What is educational neuroscience? Is it a specialist area of knowledge or just a general title for intellectual sounding conversation? Can it help teachers get better learning outcomes for their students?
Maybe it's just "the latest thing" which will fade away in a year or two, just as many educational ideas that initially sound good, turn out not to be very useful.
Dr Martha Burns, Director of Neuroscience Education at Scientific Learning corporation answered these questions, and more, in a discussion on The Learning Capacity Podcast.
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Dr Burns explains that educational neuroscience is a new branch of neuroscience.
The history of neuroscience
Neuroscience is a relatively new discipline which emerged in the early to mid 1990s. Before that there were groups of people who studied the brain: neurologists studied illnesses of the brain and neuropsychologists studied mind and emotions.
Then, around 1990 - 1995, the field of neuroscience (including cognitive neuroscience and systems neuroscience) started looking at how the brain works, particularly how the normal or typical brain functions.
Educational neuroscience has emerged as a branch of cognitive neuroscience in the last three or four years. "It is a formal discipline. It does exist. It does have its own body of research. And it is brand-new", says Dr Burns.
The best ways to teach different kinds of curriculum
Scientists working in this new branch of neuroscience are trying to figure out, using a very objective measures, what are the best ways to teach different subjects. For example, if you teach literature, you could use one or more of these three methods:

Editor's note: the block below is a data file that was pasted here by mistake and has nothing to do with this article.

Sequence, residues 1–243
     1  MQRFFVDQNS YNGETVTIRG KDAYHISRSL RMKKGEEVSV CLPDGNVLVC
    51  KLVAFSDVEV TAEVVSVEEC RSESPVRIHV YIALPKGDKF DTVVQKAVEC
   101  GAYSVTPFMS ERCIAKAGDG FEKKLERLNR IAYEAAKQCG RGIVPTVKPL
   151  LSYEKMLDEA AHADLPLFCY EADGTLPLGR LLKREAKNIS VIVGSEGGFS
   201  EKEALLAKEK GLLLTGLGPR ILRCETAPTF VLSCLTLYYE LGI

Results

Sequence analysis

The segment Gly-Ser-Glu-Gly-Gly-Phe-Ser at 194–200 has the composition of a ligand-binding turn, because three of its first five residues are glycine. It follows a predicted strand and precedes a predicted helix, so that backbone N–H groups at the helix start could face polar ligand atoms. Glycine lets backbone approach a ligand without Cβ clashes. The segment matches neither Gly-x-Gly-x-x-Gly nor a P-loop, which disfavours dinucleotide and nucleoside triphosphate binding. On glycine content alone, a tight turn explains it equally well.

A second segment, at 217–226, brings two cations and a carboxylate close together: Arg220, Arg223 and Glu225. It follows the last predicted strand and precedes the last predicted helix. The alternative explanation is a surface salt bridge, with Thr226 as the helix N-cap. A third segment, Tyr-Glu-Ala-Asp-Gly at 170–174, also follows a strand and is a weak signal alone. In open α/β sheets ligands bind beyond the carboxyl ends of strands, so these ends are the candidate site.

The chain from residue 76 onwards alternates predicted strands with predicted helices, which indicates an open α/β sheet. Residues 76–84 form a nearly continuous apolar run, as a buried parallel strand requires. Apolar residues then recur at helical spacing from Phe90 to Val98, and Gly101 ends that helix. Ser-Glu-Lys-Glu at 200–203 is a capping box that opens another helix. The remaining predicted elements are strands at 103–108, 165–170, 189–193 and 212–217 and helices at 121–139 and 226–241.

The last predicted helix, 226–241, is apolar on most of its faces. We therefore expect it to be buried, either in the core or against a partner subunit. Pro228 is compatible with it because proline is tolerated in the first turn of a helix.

- Have the student read the book and just read it over and over again.
- Ask the student to paraphrase the book they read.
- Get the student to paraphrase the book and then ask them to explain it to someone else.
Educational neuroscience looks at which parts of the brain are involved in these three methods and which have the most profound effects on the brain. While a teacher will know from observation and testing which method produces the most lasting results, the science provides an objective answer by looking at what's going on in the brain.
The same applies to the teaching of maths, physics or any other subject.
Teachers see test results and behaviour, neuroscience sees what's going on in the brain
Dr Burns stresses that teachers needn't worry about what's going on inside their student's brain. She says that teachers just need to see that students are:
- Responding better
- Remembering more
- Paying better attention, and
- Are more motivated to learn
Teachers can see these things through observation and from test results. Educational neuroscientists are looking at how best to build the student's brain so that there are learning capacity improvements, and how best to teach various areas of the curriculum.
Core capacities for learning
Is there a single capacity that underlies all learning? No, says Dr Burns. She explains, " Attention and working memory are two core capacities for learning but there are others. For example in maths, students need the capacity of number sense. They need to have a sense of more and less, far and near, high and low, and big and small. To learn reading they need language skills".
Tips for Teachers
Dr Burns has some tips in her podcast for teachers who might be interested in experimenting with some teaching techniques directly informed by educational neuroscience.
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